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Psst -- want to get rid of your ants?

September 11, 2003|David Colker | Times Staff Writer

The clerk in the Chinese grocery glanced at the door, then reached under the counter to pull out an unmarked package wrapped in brown paper.

She carefully slit the thin paper down the side and removed a small, rectangular box that she put on the counter.

"This is very good," she said.

This illicit transaction is occurring in Asian neighborhoods all over Southern California, with people from all walks of life flocking to mom-and-pop stores for a fix of what's inside the box.

It's Chinese chalk and its adherents rhapsodize about its wonders with the fervor of Marv Albert in the fourth quarter. They are even willing to overlook the fact that it's illegal.

The product, sold under names such as Miraculous Insecticide Chalk, is used as a first line of defense against the hordes of ants that regularly plague homes, apartments and offices at this time of year.

You simply draw a line of the stuff across linoleum, concrete foundation or even dirt and the ants simply won't cross it.

"I used to spend hours on my knees by the fridge, killing the ants one by one with my finger," said Jae Rand of the Highland Park area.

"Now I draw a line with the chalk and they don't cross it, period."

The chalk is illegal because it never received the regulatory approval required of pesticides' formulas and packaging.

But many say it is far more effective and pleasant to use than the baits and sprays sold at supermarkets and hardware stores.

"I didn't want to spray that stuff in my house," said high school teacher Nancy Potts of Silver Lake. "I tried things like borax that you hear about and that didn't work."

Potts was not aware that Chinese chalk was illegal and didn't know what was in it. "I just thought it was one of those handy things that came in from other places in the world," she said.

Others were aware that the ingredients in Chinese chalk are powerful. Urban legends surround the product. One popular claim is that the chalk contains DDT, but experts say that it does not.

At UC Riverside, several different varieties of the chalk were tested as part of a project.

"They had a fairly high concentration of pyrethoid insecticide, which acts on the nervous system," said Mike Rust, a professor of entomology.

Rand, a retired nurse, was not surprised. "The chalk is neurologically toxic. You can tell that by the way they die," she said. She described an ant trembling violently immediately after touching the chalk.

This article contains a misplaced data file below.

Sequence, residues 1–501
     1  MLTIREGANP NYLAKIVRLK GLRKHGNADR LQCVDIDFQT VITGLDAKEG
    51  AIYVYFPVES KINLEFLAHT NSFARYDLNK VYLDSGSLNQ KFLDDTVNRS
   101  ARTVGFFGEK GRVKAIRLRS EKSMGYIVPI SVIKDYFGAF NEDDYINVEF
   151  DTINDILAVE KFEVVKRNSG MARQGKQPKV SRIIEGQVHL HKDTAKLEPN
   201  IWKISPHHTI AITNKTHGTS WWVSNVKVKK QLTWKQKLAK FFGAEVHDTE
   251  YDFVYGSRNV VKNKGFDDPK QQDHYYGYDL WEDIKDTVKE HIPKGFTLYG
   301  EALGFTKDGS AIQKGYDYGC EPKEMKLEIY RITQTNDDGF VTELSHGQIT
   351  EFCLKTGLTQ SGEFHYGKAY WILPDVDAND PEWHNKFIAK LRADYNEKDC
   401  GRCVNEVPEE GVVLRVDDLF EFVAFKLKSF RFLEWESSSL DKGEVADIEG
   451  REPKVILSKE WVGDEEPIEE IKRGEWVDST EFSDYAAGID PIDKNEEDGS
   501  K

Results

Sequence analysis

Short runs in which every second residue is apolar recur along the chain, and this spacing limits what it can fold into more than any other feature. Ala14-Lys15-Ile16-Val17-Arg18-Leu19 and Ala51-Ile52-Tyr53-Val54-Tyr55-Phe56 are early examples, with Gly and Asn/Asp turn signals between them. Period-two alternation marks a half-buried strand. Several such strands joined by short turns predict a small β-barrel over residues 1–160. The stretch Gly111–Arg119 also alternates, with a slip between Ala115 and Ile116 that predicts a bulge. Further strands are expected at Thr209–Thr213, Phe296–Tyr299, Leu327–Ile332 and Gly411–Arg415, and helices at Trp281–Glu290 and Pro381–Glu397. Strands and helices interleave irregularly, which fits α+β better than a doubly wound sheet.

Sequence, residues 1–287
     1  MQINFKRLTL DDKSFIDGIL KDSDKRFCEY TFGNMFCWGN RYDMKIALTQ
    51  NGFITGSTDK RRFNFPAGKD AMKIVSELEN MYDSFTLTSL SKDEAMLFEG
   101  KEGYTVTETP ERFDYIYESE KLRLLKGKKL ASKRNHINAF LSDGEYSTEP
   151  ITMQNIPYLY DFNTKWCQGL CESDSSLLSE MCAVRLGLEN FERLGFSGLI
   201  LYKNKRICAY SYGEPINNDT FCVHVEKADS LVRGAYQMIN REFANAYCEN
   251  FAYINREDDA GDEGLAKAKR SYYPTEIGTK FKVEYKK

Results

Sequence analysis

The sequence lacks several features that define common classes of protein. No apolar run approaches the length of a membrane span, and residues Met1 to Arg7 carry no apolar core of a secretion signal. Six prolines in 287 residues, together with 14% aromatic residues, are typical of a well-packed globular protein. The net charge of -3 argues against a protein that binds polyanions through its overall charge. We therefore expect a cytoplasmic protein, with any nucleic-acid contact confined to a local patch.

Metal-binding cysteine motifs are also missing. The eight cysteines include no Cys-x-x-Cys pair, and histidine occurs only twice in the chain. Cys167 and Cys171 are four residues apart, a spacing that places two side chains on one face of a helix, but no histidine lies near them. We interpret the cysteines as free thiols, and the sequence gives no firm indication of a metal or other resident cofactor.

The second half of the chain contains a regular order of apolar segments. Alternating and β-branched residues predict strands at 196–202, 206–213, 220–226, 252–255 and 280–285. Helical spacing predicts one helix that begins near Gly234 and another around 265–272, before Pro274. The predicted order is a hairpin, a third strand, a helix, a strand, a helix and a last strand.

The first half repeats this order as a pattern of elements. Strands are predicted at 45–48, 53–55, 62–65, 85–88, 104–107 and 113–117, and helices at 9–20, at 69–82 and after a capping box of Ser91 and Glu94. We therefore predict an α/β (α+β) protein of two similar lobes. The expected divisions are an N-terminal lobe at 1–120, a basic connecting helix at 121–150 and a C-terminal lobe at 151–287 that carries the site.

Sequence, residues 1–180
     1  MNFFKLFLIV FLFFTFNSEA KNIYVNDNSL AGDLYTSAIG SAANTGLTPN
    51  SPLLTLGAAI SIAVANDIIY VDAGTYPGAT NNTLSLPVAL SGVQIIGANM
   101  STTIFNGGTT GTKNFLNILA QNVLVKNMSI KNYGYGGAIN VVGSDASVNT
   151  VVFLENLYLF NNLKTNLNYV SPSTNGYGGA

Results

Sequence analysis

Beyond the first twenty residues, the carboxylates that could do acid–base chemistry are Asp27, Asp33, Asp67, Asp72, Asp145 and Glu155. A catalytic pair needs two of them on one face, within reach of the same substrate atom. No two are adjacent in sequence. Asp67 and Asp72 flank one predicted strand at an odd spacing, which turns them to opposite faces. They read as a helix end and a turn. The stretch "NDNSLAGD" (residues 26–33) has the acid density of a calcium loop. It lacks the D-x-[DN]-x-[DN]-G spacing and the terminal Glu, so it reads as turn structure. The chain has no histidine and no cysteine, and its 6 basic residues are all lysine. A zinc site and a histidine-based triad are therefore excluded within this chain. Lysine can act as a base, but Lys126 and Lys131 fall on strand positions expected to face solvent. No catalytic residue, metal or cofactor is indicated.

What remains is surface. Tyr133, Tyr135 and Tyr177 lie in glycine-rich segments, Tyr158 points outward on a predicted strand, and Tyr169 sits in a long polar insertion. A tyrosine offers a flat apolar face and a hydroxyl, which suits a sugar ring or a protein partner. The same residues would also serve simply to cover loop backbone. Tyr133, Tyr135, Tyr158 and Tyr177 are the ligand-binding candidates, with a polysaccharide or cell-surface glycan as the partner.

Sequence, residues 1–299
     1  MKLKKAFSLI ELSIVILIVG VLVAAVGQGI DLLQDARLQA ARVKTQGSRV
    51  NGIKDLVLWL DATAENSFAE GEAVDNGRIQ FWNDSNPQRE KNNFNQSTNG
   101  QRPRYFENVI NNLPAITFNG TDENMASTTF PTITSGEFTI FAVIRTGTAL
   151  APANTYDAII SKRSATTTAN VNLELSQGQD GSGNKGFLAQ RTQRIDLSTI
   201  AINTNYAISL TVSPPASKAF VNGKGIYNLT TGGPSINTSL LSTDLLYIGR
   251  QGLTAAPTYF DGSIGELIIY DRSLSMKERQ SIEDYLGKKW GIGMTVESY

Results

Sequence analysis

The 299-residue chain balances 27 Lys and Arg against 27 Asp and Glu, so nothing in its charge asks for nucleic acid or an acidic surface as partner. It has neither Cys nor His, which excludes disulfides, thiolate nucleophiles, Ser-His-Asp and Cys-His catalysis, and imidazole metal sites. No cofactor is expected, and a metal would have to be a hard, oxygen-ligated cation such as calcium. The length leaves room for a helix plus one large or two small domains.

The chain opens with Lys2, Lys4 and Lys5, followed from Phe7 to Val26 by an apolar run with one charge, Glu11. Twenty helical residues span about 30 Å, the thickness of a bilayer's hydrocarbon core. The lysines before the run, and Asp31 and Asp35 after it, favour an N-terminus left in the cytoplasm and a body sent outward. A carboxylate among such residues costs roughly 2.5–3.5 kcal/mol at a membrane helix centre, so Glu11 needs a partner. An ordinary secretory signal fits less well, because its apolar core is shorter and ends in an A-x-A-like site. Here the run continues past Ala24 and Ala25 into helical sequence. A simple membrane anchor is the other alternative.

One of the insecticides commonly found in the chalk is deltamethrin, which is legally used to control insects on fruit trees and vegetables. A research report by UC Davis and four other universities said that if it's given to mice in concentrated quantities, the animals have seizures and die within two hours.

In the last decade, there have been only two serious illnesses in California due to humans ingesting the chalk, according to the state Department of Pesticide Regulation. Both were children.

"It looks like chalk, so you can imagine how a kid could easily think it was something to play with," said Glenn Brank, spokesman for the Department of Pesticide Regulation.

Compounding the problem is the lack of uniformity in the formula of the unregulated chalk. "When you buy this stuff, you don't really know what's in it, just how toxic it is," Brank said.

The box of Chinese chalk purchased at the Chinese grocery contained an information sheet in Chinese and English, but listed no ingredients. It did include the warning: "Strictly forbidden to be put into mouth."

Part of the product's attraction to consumers is no doubt its low price.

"Seventy-five cents," said the store clerk for a box containing a 3-inch piece of chalk. No tax was collected.

"You can bet there will never be an invoice on that transaction," said Bill Lee, an enforcement officer with the Environmental Protection Agency, which has been battling the importation and distribution of the chalk for several years.

Lee said his enforcement division of the EPA is spread thin and has to concentrate on more immediate health issues, such as how field workers are protected against pesticides and the regulation of disinfectants used in hospitals.

Besides, chalk investigations don't always go smoothly.

"We start looking around [a store] and stuff disappears off the shelves," said David Frieders, director of San Francisco's Department of Consumer Assurance.

"Then every store on the block doesn't have it, either. They make phone calls."

But how do the shops know his people are from his staff?

Frieders blames it on having a limited number of staff members available.

"They get to know who we are."

EPA staffers in Lee's department can't go undercover because they are required to identify themselves as working for the government agency when they go into a shop.

So as long as there is no better, legal alternative product, it's likely that under-the-counter sales of Chinese chalk will continue.

But legal or not -- with ants streaming over kitchen counters, bathroom sinks and pantry shelves -- the product is tempting.

"All I know is that you use the chalk," Potts said, "and the ants just get the hell out."

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